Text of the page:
ionic bonding

  • Created by: helper31
  • Created on: 05-04-20 11:13

Ionic Bonding 


Ions are electrically charged particles formed when atoms lose or gain electrons. This loss or gain leaves a full outer shell, so the electronic structure of an ion is the same as that of a noble gas (such as helium, neon or argon).

Metal atoms and non-metal atoms do different things when they ionize.

Metal atoms lose the electron, or electrons, at their highest energy level and become positively charged ions.

Ionic Bonding occurs when electrons are transferred from one atom to another. As a result, both atoms get stable electronic structures/ arrangements (a full outer shell)

The atom that gains electrons gain a negative charge, however, the atom that loses electrons gains a positive charge because it now has more protons than electrons.

Ionic bonding always takes place between a metal element and a non-metal element. A metal element has atoms that have a small number of electrons in their outer shell: these are transferred away to the non-metal meaning that the metal always gains a positive charge.

The non-metal has almost a full outer shell, meaning that when it bonds with another atom, it becomes a negative ion.

Structure of Ionic Compounds:

Ionic compounds are formed when electrons are transferred from one type of atom to another. The ions formed are held together by enormous forces of attraction between oppositely charged ions. The electrostatic force of attraction which acts in all directions is called the ionic bond.

Ions aren't just held in pairs. They are held in an arrangement surrounded by a giant structure or lattice. The force exerted by one ion on the other ions in the lattice acts equally in all directions, holding the ions very tightly.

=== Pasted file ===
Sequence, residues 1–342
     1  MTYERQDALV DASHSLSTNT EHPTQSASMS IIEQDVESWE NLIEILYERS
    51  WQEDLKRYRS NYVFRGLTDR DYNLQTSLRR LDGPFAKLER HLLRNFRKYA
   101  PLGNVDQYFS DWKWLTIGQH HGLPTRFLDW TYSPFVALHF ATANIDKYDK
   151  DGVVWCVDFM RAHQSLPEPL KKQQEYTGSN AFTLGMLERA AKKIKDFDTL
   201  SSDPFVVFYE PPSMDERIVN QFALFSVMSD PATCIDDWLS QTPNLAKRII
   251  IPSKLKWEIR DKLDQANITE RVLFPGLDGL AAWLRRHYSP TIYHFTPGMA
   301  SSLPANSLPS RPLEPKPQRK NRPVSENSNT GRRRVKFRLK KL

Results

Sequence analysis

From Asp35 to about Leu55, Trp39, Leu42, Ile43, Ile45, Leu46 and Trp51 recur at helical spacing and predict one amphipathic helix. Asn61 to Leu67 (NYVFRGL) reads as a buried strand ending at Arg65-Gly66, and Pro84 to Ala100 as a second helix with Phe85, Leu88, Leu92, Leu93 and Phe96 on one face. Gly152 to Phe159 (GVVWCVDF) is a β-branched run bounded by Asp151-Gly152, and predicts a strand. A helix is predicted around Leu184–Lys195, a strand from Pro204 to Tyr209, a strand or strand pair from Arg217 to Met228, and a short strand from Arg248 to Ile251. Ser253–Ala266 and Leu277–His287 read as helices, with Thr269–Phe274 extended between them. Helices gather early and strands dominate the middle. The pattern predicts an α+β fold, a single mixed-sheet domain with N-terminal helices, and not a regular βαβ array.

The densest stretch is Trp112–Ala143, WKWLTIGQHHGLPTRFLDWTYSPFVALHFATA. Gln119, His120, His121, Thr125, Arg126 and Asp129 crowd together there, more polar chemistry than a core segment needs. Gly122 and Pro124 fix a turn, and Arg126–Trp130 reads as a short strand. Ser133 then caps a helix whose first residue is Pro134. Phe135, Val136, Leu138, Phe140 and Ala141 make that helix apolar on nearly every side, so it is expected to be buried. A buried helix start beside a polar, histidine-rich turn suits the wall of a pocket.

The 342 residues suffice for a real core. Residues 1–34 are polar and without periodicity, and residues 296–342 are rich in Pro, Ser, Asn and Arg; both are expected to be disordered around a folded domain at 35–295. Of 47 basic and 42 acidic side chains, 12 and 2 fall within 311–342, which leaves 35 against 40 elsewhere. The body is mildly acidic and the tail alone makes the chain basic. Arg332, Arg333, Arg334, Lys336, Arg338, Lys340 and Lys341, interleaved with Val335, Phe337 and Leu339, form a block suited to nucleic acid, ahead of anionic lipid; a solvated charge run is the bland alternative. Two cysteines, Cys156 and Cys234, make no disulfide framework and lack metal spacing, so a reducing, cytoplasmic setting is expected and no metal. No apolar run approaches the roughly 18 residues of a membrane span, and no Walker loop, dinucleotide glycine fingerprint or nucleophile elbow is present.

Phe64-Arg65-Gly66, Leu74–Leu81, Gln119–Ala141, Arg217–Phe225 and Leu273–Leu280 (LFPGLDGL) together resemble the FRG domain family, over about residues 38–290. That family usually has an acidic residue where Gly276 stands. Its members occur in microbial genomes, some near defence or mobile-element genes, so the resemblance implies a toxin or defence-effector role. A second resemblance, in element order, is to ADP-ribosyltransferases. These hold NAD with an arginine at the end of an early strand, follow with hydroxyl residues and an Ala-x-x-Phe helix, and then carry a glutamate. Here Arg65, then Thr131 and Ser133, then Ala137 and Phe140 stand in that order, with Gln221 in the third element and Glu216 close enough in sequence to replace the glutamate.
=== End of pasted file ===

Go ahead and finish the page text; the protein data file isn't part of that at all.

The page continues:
The giant structure is very regular, with one type of atom being closely surrounded by a fixed number of ions of the opposite type.

In general, ions are formed when metal atoms transfer their outer electron to an outer shell of a non-metal. This electron transfer forms charged particles called Ions. 

Metal atoms form positive ions because they have lost one or more negatively charged electrons. The positive charge on the ions is the same as the number of electrons that are lost.

Non-metal atoms form negative ions because they have gained one or more negatively charged electrons. The  negative charge on the ions is the same as the number of electrons that are gained by the atom. 

The elements in group 1 and 2 of the periodic table are metals and they form positive ions. 

Each group 1 atom forms a 1+ ion by losing 1 electron from its outer shell and each group 2 atom forms a 2+ atom by losing 2 electrons from its outer shell.

Each group 6 atom gains 2 electrons to form a 2- ion and each group 7 atom gains 1 electron to form a 1- ion.

All the ions formed have the same electronic structure as the nearest noble gas because these are stable electron arrangements. 

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